Jojo Siwa Shared Her Full Two-Hour Workout — Yes, That's Really Long

In a TikTok post, Siwa shared a recent workout complete with treadmill sprints, pull-ups, jumping rope, and so much more.

Jojo Siwa
Photo: Getty Images

Jojo Siwa clearly isn't opposed to time-consuming workouts. The singer and Dance Moms alum shared the complete breakdown of a recent session in a post on TikTok, noting that it was "about a two-hour workout," in the clip's voiceover.

In the video, Siwa stretches before jumping rope for 10 minutes, getting fancy with some double-unders and criss-cross jumps. She then moves on to a mix of cardio and upper body exercises, knocking out medicine ball slams, mountain climbers, and plank shoulder taps before returning to her jump rope — and even then, she was just getting started.

Siwa moves on to assisted pull-ups, triceps pushdowns, hanging leg raises, and weighted ab pulldowns before completing a move that she says she "made up," which involves a hollow hold on a BOSU ball. Finally, she performs twenty minutes of treadmill sprints on an eight percent incline before knocking out speed push-ups and speed V-ups. In an outro shot, Siwa grins and wipes sweat from her brow after her two-ish hours of work.

Let's hit pause for a moment. No, it's not just you — that workout is a lot. "Two hours is quite a long workout," confirms Dara Kawka, C.P.T., a trainer for FlexIt. There's a mantra in fitness to "work smarter, not harder" for a reason. It emphasizes quality over quantity, distance, or length — aka focusing on compound movements, full-body exercises, and metabolic work that check multiple boxes in less time. Not to mention, many people may not have a free two hours to dedicate to their workout.

That said, Siwa is "definitely at an advanced level of fitness, demonstrating muscular strength and aerobic conditioning as well as maintaining a good range of motion in her movements," during the workout," says Nina Moore, C.P.T., founding trainer of FORME.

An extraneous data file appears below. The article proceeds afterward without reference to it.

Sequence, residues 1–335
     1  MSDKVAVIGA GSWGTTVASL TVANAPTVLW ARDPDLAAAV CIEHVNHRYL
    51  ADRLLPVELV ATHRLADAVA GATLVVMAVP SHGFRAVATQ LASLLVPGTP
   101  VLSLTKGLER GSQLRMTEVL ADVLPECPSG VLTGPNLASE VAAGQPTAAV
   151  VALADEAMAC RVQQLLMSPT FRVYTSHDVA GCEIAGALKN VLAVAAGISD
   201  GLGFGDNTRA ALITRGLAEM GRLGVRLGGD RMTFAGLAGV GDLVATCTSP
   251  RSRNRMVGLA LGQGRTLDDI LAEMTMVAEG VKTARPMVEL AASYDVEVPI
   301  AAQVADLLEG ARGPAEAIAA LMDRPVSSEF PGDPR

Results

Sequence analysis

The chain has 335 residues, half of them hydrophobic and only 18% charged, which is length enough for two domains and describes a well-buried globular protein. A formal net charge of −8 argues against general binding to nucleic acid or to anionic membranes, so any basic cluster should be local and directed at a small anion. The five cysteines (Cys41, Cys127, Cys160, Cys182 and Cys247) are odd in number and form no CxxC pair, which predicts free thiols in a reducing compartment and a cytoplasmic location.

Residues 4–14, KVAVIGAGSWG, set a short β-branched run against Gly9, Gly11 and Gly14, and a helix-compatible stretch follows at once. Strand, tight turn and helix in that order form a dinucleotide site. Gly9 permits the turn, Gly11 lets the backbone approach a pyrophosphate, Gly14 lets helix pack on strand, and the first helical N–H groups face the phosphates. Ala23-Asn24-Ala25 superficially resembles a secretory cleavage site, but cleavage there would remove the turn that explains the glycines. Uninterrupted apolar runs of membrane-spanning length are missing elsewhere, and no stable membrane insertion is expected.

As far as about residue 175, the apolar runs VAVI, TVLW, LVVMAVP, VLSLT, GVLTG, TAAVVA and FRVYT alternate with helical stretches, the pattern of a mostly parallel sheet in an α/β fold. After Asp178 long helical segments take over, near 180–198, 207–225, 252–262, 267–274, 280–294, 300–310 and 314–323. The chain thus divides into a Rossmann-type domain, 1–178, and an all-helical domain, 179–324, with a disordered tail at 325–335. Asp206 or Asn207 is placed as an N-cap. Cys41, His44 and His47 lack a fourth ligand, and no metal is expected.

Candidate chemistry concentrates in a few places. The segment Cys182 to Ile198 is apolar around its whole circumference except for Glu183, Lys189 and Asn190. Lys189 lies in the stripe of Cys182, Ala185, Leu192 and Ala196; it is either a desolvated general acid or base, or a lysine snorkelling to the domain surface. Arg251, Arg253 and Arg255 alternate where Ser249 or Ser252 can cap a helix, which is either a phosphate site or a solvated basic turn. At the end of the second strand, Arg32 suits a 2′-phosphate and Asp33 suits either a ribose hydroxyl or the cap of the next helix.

She incorporated a strategy that beginners and advanced athletes alike can benefit from, believes Kawka. Namely, she incorporated stretching, cardio, and strength exercises into her regimen. Each has its place: Stretching lowers your risk of injury and improves circulation, cardio helps your circulatory system run more effectively, and strength training can help you build muscle and strengthen your bones.

Starting with stretches and then warming up her body by jumping rope was a smart move, according to Moore. "Raising the body temperature and increasing blood flow to muscles prior to strenuous movement is another way to lower the risk of injury and may also lessen muscle soreness, especially when the workout volume is high as in this one," she says.

Of course, the exercises that Siwa completed after her warm-up all have their own unique benefits. Pull-ups "are one of the most effective exercises for incorporating multiple muscle groups — the back, shoulders, biceps, and core — and building a foundation of upper body functional strength," while mountain climbers increase cardio endurance and strength and "involve a significant amount of core work," says Moore. As for push-ups, the classic is "one of my favorite exercises because they are a compound movement that maximizes training efficiency," says Moore — meaning, they give you a lot of bang for your buck.

Siwa noted the number of sets and reps she completed for each exercise, providing a blueprint for anyone who dares attempt to work out like her. But if exercising for two hours straight doesn't sound appealing or achievable, you can still take a cue from the reality star by combining stretching, cardio, and strength training for a well-rounded workout regimen.

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